Empress of the World

by Sara Ryan

Nicola Lancaster is spending the summer at the Siegel Institute Summer Program for Gifted Youth where people of different talents and skills come together, living like college students for eight weeks.

Nic's had friends from theater and orchestra but never friends, like friends for keeps whom she can hang out with. She never had a relationship but she soon learns the complexity of it when she met Katrina the Manic Computer Chick who surprisingly also smokes but never does drugs, Isaac the Nice-Guy-Despite-Himself, Kevin the Inarticulate Composer... and Battle.

She's this girl whom Nic meets on the first day and refers to her as Beautiful Hair Girl and is somehow the opposite of Nic. They became friends, and as days pass spending their time together they become startlingly more than friends.

"What do you do when you think you're attracted to guys, and then you meet a girl who steals your heart?"

I loved this story that it almost turned me out into a lesbian. Kidding aside, I loved Nic's character because of her constant sweetness to Battle, whom she refers to her as Empress of the World because for Nic she stands out from the rest. Nic tries to talk to Battle but there are just some points when she can't understand her. Battle's character represents the adorable and irresistable girl you'd commonly meet along the hallway, she's more of the 'action speaks louder than words' type and has really nice hair so I don't wonder much why Nic fell in love with her.

Rating: 4 stars - I just finished this today, covering 2 days. The plot of the story was great. I never read anything like this before and to be honest, I liked it much although I just don't understand Battle's reason why she hooked up with another after knowing that Nic has a present for her. There are also some points where there are gentle vulgarity involved that will really make you think it's some kind of a true story. Ryan did great on this book narrating Nic's point of view and presenting the complexities of loving the same sex. I say, this is an inspirational book and a gift from Sara Ryan that should be read by teens.

Conversations with the Fat Girl

by Liza Palmer

Olivia and Maggie had been best friends ever since, but after Olivia's gastric bypass surgery everything has suddenly changed and she's not whom Maggie had known long before. Olivia changes her childhood history, hangs out with uber-fashionista socialites and gets to marry Dr. Farell who doesn't know she was formerly obese.

The two girls battle it out for their friendship: Maggie, wanting to save their genuine bond and be the best friend Olivia had all along versus Olivia, wishing to be a permanent sexy icon for her fiancé and for her new friends, although at the end of the day she's running back to her childhood best friend.

Rating: 3 stars - I liked the story but it just had too many 'F' word, but I guess it's part of the reality scenario the author tries to imply. I'm not a fat girl; I'm the opposite of it coz' I am slim but I could relate to Maggie having this struggle against life and friendship. Maggie's character seems to be pathetic but that's the cherry of the story - she has a lot of flaws making her human. You'd be seeing yourself relating to Maggie hoping to find true love and friendship.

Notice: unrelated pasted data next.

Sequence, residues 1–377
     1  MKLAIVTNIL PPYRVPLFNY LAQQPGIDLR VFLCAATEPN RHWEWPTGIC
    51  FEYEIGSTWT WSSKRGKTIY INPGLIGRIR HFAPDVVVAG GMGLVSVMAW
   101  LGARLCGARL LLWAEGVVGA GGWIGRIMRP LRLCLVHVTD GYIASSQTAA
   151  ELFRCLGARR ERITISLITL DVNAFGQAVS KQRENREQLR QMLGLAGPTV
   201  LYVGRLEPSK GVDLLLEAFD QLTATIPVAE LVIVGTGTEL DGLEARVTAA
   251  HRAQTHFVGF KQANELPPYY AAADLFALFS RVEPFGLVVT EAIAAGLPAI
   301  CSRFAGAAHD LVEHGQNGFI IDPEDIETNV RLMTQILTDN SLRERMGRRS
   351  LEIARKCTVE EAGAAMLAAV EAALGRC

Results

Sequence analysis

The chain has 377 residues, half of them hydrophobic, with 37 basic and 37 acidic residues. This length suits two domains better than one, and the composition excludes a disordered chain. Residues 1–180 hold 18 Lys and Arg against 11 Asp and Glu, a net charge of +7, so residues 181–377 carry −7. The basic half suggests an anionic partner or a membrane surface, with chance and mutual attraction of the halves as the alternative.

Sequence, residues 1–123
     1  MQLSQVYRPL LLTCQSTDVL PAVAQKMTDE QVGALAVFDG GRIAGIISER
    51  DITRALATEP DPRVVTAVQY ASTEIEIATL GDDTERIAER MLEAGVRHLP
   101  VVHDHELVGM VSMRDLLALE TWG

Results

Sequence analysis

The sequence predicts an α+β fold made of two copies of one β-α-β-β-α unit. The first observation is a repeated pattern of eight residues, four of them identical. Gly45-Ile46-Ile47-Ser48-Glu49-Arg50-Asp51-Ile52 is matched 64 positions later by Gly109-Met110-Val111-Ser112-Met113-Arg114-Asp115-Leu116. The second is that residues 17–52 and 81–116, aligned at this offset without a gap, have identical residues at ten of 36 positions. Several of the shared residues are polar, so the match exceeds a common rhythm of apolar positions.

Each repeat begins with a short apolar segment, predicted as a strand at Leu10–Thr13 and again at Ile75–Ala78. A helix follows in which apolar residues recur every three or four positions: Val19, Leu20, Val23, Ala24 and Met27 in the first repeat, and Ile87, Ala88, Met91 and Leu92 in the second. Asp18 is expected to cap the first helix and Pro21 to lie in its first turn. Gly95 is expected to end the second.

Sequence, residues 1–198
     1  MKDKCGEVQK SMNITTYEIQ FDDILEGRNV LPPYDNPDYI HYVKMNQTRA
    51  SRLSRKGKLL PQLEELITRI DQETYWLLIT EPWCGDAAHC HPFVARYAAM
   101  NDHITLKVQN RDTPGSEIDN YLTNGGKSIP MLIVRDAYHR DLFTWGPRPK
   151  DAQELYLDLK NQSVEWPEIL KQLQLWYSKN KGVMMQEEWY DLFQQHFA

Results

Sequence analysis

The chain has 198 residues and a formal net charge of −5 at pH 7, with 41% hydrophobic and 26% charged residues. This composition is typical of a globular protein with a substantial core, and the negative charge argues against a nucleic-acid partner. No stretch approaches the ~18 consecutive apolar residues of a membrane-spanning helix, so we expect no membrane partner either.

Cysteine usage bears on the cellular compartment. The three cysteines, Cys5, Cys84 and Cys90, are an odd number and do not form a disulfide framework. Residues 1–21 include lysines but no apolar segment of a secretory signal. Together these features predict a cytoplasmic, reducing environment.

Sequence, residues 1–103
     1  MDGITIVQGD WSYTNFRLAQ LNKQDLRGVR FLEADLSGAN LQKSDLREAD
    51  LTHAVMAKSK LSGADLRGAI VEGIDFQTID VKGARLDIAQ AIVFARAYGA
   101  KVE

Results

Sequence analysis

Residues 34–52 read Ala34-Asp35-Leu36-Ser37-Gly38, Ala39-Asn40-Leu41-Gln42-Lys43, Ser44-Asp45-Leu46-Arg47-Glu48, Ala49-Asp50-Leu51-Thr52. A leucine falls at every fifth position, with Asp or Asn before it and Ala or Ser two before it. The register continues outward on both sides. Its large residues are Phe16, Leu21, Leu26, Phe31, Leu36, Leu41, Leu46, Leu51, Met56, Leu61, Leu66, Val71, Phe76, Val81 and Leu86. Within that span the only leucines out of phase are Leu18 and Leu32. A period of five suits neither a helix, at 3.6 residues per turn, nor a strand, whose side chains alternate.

Of Mice and Men

by John Steinbeck

The story revolves around two unlikely men: George, who is a short and stubby man and knows what to do, and Lennie, the tall man who has a brain of a child. Together, they embark on a journey to have their own piece of land.

They came across a job in a ranch in the Salinas Valley and it seems that their plans are within their grasp. But a shocking event came to their view: Lennie accidentally kills a woman due to his undying obedience to George and because of too much promises and goals George and him have in mind.

The story is a bit of a confusing read, but the plot is simple. You will actually like the character of Lennie because of his childish ways, and George who has this straightforward and frank attitude. This is the first time I've read a classic work of literature, and you will not be disappointed with how the story goes. It will make you hope for George and Lennie's hopes and will make you regret that they shouldn't have dreamt of it all the while.

Rating: 3 1/2 stars - This piece of Steinbeck's work is my first time to read such classic works. The story at first is hazy in sight and most of their dialogs are in a cowboy accent that it became hard for me to decipher what they were saying. But you'll get used to it if you continue reading the book. The last chapters were coming to a closure and by there, you'd get the idea of the story although you might not expect what'll happen in the end. :)

The Princess Diaries

by Meg Cabot

Mia Thermopolis is the common type, or so she thinks. She's a flat-chested five-foot-nine freshman who happens to be flunking in Algebra - she really hates the subject.

But a big surprise comes her way when she learns that her mom is dating her Algebra teacher, and the shocker does not only stop on that. Her dad also comes to New York to announce that she'll be the new heir to the Genovian throne. Plus, her Grandmére is coming too! And she's about to give Mia some lecturing sessions on 'how to be a princess'. But Mia doesn't want to be a princess, except for the privileges this would give. She just wants to be the same Mia, only better. But what can she do? She has no choice but to face the fact that she would be the princess of Genovia.

This book is awesome, like reading a diary from your best friend. I could relate to Mia since we both dislike Math and/or Algebra. It's kind of funny that she writes her homework in her diary. I really felt comfortable reading this one. Also, I was laughing at the fact that her best friend Lilly Moscovitz has a stalker who likes to see Lilly's feet on TV!

I recommend this book to anyone who basically dislike Algebra or generally the Math subject, has a crush inside the campus, has a best friend (but if it's okay if you don't have one), and a little feeling of inferiority that somehow makes you wish you were someone as cool as Lana Weinberger.

Rating: 4 1/2 stars - I liked the fact that this book was in a diary type and it was funny that the author used multiple punctuations! This book is fit for teens and pre-teens, it will make you happy and sad. It will make you dream and even be envious that Mia has such privileges. But the book also teaches the value of loving who you truly are and the people who stay true to you. You need not be beautiful to be appreciated because what matters most is that you love yourself.

Tuesdays with Morrie: An Old Man, A Young Man, and Life's Greatest Lesson

by Mitch Albom

It's a true story 'bout a man of great virtue and influence. Morrie Schwartz was a former college teacher who didn't know what life was about until he suffered ALS, a sickness that eats away his life day by day. Mitch (the author) is touched by Morrie's undying perception that life doesn't end when you reach your death. The framework of the story revolves around Mitch and Morrie's sessions during Tuesdays, on which Morrie shares his wisdom about life, love, marriage, friends, family, and death.